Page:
The idea of relaxation or alertness drinks first emerged in Japan in 2005 when a group of products came onto the market enriched with (GABA) gamma aminobutyric acid.
Formulated to help people unwind or focus better, these new drinks quickly spread to the US and have found a niche alongside energy drinks.
Zenith estimates that global sales volumes have trebled since 2007 to 133 million litres in 2010 and the retail value of the market has risen to $521m.
The US is now by far the largest market. Relaxation type drinks are emerging in European countries like the UK and Germany but regulatory hurdles are holding them back.
Zenith market analyst Cecilia Martinez told this publication: “The main impediment for relaxation drinks is that certain ingredients such as melatonin have not been approved for use in beverages.”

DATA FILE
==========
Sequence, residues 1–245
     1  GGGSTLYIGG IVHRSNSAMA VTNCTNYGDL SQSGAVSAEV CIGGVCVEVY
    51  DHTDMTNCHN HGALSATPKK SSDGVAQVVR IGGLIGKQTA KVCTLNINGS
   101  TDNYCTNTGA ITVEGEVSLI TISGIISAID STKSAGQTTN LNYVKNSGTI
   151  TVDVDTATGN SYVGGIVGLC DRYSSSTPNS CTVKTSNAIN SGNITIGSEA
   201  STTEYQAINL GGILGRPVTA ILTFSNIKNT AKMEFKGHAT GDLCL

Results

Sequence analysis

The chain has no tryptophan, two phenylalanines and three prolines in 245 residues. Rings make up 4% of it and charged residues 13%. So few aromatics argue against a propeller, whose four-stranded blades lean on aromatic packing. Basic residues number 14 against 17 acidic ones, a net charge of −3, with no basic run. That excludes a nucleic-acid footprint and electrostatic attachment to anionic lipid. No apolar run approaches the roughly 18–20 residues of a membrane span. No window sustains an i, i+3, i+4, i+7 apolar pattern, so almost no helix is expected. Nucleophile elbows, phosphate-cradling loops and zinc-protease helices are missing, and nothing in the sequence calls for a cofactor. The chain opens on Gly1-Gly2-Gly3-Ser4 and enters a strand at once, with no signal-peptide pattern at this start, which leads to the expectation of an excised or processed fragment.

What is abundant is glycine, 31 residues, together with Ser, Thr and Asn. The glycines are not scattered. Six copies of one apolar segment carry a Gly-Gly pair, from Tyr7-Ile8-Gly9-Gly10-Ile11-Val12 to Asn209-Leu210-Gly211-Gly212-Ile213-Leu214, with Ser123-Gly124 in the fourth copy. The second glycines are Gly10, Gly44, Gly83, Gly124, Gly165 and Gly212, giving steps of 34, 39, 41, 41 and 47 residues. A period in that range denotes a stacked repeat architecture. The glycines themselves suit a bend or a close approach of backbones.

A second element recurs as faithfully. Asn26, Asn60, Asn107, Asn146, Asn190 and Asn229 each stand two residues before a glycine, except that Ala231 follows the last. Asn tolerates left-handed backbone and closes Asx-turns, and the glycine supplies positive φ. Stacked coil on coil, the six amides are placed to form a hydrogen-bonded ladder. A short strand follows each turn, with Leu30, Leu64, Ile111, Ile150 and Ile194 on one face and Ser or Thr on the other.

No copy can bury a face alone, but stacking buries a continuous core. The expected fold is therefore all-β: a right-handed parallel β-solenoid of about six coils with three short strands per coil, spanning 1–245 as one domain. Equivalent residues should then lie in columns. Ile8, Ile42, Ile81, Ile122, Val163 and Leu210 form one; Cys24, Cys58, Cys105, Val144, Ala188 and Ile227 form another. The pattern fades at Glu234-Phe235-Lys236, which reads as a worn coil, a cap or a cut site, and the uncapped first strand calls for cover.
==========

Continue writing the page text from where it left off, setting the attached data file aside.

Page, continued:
As a result, relaxation drinks in Europe tend to be made with herbs which have a long history of use in many different products.
Meanwhile, in the US, in addition to melatonin, Martinez said typical ingredients include amino acids such as L-theanine, L-threonine, GABA or 5HTP. Other ingredients include vitamins and minerals like potassium, which is associated with muscle relaxation.
Explaining how alertness and relaxation drinks position themselves, Martinez: “Consumers are now looking for products to help them deal with pressure and to perform effectively without the use of stimulates.
“Alertness drinks are designed to reduce stress and focus the mind. Relaxation drinks usually contain ingredients solely to assist relaxation and in some cases to aid sleep.”
As demand for these drinks grow, big companies may start to take an interest.
Martinez said: “No big players have announced any plans of launching their own products, however, if the category grows as expected over the next couple of years, it will only be a matter of time before they acquire or develop their own offerings.”